While I was returning, I heard reports that West Texas was getting record amounts of snow. Too much snow. They were unprepared, and even major interstate freeways were closed. Here in East Texas, we got the wind, but no moisture.
As I drove home, I wondered what changes I would find in my garden. Sure enough, there were a few more blooms greeting me upon my return. But, the loveliest blooms were coming from the snowflakes (leucojum). They have never disappointed me. But snowflakes are just one type of blooming "snow" for the garden.
Snowdrops (galanthus) are the most popular early spring blooming bulb. These little bulbs are so popular, there is even a name for collectors: galanthophile. Snowdrops can be grown in zones 2 through 9, but do best in zones 4 through 7. I have ordered some (arriving soon!) to try out in my garden. I am hoping that they will be happy here. Snowdrops generally have longer petals on the outside, and shorter petals on the inside.
Then, there are snowflakes (leucojum). Their petals are generally even all the way around the bloom. I have had snowflakes in my garden for several years, and they are dependable, beautiful, and easy to grow. They can be grown in zones 4 through 9. There are two common types of snowflakes: spring snowflake, leucojum vernum, and summer snowflake, leucojum aestivum. Snowflakes seem to be overlooked by collectors, but I'm not sure why. Perhaps in the future there will be leucojumphiles.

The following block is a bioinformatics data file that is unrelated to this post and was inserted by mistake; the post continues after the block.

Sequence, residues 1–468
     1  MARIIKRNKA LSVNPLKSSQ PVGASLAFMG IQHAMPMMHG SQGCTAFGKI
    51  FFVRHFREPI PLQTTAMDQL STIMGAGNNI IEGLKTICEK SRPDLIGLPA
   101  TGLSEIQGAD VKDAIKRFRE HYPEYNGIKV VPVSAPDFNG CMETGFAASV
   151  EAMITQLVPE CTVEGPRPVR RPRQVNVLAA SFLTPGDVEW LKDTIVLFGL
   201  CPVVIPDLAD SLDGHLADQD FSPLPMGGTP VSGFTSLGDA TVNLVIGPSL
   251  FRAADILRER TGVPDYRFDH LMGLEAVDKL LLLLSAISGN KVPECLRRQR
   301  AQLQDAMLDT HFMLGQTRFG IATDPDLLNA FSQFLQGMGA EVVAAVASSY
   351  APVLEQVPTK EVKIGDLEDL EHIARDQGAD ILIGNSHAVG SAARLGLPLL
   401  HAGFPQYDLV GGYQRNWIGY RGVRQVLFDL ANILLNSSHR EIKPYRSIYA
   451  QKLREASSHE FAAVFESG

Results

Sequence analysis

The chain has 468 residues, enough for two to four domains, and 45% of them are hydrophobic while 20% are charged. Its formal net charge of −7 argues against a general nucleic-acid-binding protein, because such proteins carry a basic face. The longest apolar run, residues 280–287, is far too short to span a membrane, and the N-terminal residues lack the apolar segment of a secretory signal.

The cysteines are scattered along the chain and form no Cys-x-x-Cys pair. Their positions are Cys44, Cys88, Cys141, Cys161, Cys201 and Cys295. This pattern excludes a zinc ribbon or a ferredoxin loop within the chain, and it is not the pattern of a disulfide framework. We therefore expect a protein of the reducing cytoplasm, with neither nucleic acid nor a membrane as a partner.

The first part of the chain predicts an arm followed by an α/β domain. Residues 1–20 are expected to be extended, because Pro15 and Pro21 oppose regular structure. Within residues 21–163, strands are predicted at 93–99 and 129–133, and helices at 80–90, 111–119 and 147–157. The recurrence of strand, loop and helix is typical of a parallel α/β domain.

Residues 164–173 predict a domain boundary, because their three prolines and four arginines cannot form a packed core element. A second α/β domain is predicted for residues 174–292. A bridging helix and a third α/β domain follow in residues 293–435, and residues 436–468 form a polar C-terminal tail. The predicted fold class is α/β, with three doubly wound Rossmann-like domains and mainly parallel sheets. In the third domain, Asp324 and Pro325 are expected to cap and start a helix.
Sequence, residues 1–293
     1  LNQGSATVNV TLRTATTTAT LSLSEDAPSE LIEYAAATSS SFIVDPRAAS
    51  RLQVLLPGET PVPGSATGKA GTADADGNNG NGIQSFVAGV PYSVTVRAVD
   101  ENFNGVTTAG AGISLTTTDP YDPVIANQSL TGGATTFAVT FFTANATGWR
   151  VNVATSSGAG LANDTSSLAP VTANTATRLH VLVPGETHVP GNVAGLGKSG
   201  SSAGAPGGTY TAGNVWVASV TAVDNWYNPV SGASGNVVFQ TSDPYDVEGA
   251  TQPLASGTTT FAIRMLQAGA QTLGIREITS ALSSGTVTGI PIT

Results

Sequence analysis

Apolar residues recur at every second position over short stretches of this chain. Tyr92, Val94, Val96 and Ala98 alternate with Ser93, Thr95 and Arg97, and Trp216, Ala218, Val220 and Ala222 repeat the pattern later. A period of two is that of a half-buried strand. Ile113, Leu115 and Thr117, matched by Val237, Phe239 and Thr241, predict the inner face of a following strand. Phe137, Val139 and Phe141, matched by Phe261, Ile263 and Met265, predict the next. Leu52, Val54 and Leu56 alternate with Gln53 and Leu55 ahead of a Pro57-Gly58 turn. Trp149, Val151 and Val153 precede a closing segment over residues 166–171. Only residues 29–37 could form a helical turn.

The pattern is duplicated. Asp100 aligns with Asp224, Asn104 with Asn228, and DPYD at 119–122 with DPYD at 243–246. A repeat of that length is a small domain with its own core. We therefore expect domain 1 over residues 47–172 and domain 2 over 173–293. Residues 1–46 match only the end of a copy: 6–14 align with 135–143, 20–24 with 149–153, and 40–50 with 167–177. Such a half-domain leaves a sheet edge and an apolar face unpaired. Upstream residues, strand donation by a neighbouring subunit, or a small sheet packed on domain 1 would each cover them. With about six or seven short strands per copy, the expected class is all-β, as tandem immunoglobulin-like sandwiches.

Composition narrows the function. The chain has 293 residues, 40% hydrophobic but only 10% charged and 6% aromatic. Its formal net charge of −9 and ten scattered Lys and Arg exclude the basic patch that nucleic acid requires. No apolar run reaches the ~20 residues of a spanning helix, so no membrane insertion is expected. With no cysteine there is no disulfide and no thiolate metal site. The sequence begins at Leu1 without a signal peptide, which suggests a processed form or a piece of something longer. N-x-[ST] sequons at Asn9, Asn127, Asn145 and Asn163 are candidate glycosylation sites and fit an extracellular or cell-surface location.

Since my snowflakes bloom in February, I had always assumed mine were leucojum vernum, or spring snowflake. But, now I think they are leucojum aestivum, or summer snowflakes, because even though they are blooming in February, I've read that spring snowflakes (leucojum vernum) usually bloom with one or two flowers per stem, while summer snowflakes (leucojum aestivum) have two to seven blooms per stem. You can correct me if I'm wrong.
Either way, now that I'm adding snowdrops to my garden, I definitely need both spring and summer snowflakes in my garden, too. After all, one can never have too much snow - if it's the blooming kind!